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“Never Again?” How fascism hijacks democracies over and over | Rob Riemen

Rob Riemen — founder and president of the Nexus Institute — posits that the type and level of toxicity in today’s political climate is a breeding ground for fascism. He argues that most people in fully democratic Germany in the early 1930’s didn’t think that by decade’s end they’d be a fully fascist country, and goes further to say that perhaps history will look back on the 2016 American election in the same way. Is he correct? You be the judge.

Read more at BigThink.com: http://bigthink.com/videos/rob-riemen-never-again-how-fascism-hijacks-democracies-over-and-over

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Rob Rieman: Why is it difficult to identify fascism?

Well the first, the main reason I think, is that it’s bad news. And with bad news, with inconvenient truths the natural response is denial, right?

The most famous form of denial related to inconvenient truth was the report of the Club of Rome in 1972 limits to the growth, which was the first scientific report to make clear for the whole world that an ongoing economic growth in a industrial society will have devastating consequences for the planet. And the denial was enormous for decades. Now the denial is no longer possible and, you know, governments try to do what they do, and Greenpeace and other organizations—But imagine how the world, how the planet would have looked like if at that time people would have realized yes, it’s an inconvenient truth but they are right. We wasted time.

So the first part and to say look, the return of fascism is an inconvenient truth.

The second thing is… it’s very embarrassing, you know. After World War II, especially in my part of the world where fascism came from, Europe, at our commemoration day we will say, “never again”. That’s what we said all the time: “Never again.”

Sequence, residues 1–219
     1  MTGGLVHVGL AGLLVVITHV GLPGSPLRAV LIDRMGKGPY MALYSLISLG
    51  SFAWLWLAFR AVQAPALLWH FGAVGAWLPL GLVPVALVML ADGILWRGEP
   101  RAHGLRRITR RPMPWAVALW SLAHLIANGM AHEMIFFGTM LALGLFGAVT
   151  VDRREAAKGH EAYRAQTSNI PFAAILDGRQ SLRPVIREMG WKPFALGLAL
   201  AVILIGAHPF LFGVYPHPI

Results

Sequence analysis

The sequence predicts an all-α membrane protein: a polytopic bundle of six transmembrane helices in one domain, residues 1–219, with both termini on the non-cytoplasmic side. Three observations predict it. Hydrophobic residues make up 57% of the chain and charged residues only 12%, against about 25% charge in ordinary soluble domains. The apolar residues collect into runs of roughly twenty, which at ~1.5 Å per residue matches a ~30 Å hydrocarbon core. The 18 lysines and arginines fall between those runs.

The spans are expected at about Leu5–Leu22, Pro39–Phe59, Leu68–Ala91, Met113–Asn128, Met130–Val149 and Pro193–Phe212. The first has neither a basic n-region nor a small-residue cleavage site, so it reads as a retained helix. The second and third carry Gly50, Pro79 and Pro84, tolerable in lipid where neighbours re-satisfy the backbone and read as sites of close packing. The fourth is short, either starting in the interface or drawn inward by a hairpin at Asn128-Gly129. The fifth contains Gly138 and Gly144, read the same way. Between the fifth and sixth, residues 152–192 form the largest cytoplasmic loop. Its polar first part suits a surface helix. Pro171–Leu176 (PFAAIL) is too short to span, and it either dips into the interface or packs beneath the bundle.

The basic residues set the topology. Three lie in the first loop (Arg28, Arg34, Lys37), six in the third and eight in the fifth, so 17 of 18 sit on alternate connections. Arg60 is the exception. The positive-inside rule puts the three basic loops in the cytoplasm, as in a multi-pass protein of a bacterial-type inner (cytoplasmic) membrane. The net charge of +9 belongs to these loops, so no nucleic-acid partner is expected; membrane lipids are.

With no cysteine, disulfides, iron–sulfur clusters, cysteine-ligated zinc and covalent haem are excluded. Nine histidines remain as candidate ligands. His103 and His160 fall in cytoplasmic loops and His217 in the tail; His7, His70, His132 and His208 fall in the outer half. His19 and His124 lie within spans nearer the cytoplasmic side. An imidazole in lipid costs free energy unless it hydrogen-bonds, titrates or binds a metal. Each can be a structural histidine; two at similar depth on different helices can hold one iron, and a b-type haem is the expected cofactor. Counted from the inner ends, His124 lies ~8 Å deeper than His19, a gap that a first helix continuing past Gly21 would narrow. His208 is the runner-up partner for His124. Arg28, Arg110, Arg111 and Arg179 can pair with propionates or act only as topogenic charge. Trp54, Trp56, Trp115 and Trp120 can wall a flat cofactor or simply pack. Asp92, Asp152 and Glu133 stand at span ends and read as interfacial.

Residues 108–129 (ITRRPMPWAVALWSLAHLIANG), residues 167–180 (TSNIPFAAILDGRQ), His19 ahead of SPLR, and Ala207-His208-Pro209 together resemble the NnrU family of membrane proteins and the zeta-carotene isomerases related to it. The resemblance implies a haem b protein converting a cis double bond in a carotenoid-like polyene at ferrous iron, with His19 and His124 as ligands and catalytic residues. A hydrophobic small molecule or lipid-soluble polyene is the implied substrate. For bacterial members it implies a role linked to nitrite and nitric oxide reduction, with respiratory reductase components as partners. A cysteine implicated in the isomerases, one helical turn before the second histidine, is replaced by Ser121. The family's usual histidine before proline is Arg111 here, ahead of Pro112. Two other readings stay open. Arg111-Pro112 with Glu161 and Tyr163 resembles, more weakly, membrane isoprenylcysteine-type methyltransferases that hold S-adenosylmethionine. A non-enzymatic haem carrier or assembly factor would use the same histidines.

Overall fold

And so the whole idea that this terrible, terrible thing of fascism could be back was, you know, out of the question.

The third element is the phenomenon of we do not know our history anymore. There is a kind of political amnesia.

And so we are, we have forgotten some extremely important warnings which the warnings did not come from the political scientists. The warnings came from important artists. Novelists like Albert Camus and Thomas Mann, two great artists who lived through the era of fascism.

And in 1947, independent of each other, said “Don’t make the mistake. World War II is over but fascism did not disappear.”

Camus even wrote a very important novel about it, La Peste, The Plague, trying to explain “Look, this phenomenon of fascism is there to stay because it’s the dark side of every democracy. In every democracy it is possible that at the very moment the spirit of democracy is gone then you’ll get a society (which we now call a mass society) which is no longer cultivating the high ideals of a democracy, but you get the kind of society which is dominated by our lowest instincts – greed, fear, resentment, hatred, propaganda, stupidity. And that’s where the demagogues and the populists will move in and they will present their own version of fascism.

But we don’t recognize it, again because the idea is – well we know fascism is a bad thing, but in our, you know, media, Hollywood-oriented visual culture… look, in a visual culture, evil has to be very visible.

Look at Batman, right? Batman, handsome guy. And who’s the evil guy? The Joker, and you immediately see that is an evil man, right?

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